As I have gotten older, I find it harder and harder to associate with people in my own age group. My tendency of being impatient and irritable notwithstanding, I generally feel like 80% of what individuals in their early-to-mid 20’s say isn’t very important. It’s not a knock on young people; I’m sure 80% of what I write on this blog isn’t very important to most people, either, but I still take pride in it. Because it’s at least real.
People from prior generations often look at the one that comes after as inherently different, softer, more entitled, lazier, all of those things and a myriad of others. I look at my little brother, for example, who’s a senior in high school, and I think he’s incredibly soft. Mentally, physically… across the board. I see his friends and I think the same about them, and so on and so forth. Younger people really just don’t do it for me; I need to hear some experiences; typically, I’ve found those older than I am are easier to have real conversations with. It’s more rare with people my own age, so I’m lucky to have a best friend like the one I have.
But that is all beside the point, really.
One thing the younger generation is better at than any of the others, I would think, is tolerance. It’s not 1965, anymore. Racism is obviously still alive and kicking, but among people born after 1990, I’d like to think the heavy majority were all taught through the public education system that — this might sound kind of crazy — everyone was created equally. For the most part, we all have two arms and two legs, 10 digits in each set, we all need to eat and breathe and exist.
That’s why the whole Marcus Smart vs. ignorant old bigot white man controversy that recently happened at Texas Tech is such a thing.
The fan claims he called Smart a “piece of crap,” but according to the Internet (the Internet is never wrong), he really told him to “Go back to Africa, nigger.”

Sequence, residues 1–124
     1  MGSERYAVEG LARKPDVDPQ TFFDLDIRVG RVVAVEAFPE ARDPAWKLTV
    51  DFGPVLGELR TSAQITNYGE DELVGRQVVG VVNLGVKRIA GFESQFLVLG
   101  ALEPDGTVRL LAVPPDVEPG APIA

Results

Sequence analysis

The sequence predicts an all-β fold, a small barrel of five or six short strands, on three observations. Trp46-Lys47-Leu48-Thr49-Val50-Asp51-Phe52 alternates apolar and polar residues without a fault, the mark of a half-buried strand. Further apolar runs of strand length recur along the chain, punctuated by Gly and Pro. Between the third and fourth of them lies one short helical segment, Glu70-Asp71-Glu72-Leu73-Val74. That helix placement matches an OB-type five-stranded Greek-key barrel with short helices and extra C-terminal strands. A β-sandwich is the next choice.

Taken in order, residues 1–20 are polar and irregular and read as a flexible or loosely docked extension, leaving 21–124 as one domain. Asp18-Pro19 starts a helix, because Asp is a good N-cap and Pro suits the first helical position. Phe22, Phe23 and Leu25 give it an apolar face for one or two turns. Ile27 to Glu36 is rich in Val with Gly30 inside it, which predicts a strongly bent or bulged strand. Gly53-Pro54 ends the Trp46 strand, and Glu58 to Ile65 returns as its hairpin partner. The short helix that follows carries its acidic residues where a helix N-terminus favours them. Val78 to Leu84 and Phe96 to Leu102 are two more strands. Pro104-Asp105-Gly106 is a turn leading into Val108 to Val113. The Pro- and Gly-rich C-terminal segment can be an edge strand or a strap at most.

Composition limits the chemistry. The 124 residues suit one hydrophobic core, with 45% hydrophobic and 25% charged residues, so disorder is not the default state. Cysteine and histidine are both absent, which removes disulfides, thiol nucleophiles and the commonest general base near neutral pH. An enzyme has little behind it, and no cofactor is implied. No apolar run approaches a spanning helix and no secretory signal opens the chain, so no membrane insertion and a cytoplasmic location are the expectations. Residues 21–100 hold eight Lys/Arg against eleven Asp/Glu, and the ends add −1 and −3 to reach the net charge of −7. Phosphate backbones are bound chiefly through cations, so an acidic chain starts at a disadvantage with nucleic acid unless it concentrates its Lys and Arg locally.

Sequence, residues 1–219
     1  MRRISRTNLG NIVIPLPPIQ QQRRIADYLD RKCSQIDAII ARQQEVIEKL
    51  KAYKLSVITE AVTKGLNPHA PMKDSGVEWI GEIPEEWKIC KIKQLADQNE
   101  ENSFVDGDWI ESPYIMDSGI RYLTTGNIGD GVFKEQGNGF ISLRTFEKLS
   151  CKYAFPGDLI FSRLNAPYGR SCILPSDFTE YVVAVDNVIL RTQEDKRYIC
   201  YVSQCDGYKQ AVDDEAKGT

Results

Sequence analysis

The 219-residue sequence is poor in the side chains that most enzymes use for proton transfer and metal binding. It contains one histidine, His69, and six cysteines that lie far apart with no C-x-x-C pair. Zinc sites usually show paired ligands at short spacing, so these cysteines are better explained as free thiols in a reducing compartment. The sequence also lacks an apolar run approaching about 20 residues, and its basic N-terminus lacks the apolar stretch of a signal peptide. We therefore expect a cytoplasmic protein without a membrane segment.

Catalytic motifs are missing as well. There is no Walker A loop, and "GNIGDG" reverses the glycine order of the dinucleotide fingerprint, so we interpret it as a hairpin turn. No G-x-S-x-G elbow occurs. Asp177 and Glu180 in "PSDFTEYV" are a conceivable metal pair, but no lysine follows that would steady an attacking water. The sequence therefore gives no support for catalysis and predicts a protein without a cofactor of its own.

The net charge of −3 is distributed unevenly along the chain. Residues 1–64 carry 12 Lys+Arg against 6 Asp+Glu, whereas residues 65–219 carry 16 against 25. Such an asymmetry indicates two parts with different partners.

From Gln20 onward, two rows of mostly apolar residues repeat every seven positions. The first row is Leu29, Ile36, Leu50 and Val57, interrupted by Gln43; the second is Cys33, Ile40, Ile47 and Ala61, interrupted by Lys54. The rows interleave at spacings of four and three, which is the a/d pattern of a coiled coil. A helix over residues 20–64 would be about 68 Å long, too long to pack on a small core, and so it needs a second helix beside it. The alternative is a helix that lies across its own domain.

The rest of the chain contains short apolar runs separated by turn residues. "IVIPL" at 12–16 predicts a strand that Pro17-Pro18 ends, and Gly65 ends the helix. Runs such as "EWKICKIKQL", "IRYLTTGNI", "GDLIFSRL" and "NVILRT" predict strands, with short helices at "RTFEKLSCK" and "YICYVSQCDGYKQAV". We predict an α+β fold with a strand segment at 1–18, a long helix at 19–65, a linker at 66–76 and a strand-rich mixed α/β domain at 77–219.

Logically, Marcus Smart — being as talented as he is — probably hears some pretty obscene shit when Oklahoma State is on the road. My guess is, if he really was called the n-word, I’m surprised he didn’t give the old man more than just a shove. If they were on the street, there’s no way he would have gotten off so easy.
Unfortunately for Smart, he’s being tagged with a three-game suspension. If I put myself in his shoes, I likely would have done the same type of thing if a fan was trying to be brave in front of me. In basketball, players and fans talk a lot of shit to each other;
There’s playful shit-talking; there’s competitive shit-talking; there’s getting personal shit-talking; and there’s You Just Can’t Say That Without Getting Hit shit-talking. I believe Marcus Smart, who is a well-spoken, mild, regular guy with an extreme talent on the hardwood, was hearing Level 4 shit-talking.
I know this is the era of political correctness, but this is an issue about right and wrong. Without provocation — if Smart was just shoving people because he was frustrated — I could see why a suspension would be necessary. And for much longer than three games.
In the grand scheme of a basketball season, a three-game suspension is a slap on the wrist, which makes me think there was clearly some error on both sides. Marcus Smart gets valuable experience in knowing that racism is not dead, and the Big 12 gives a break to a player who was acting within his rights;
not as a college basketball star, but as a human being.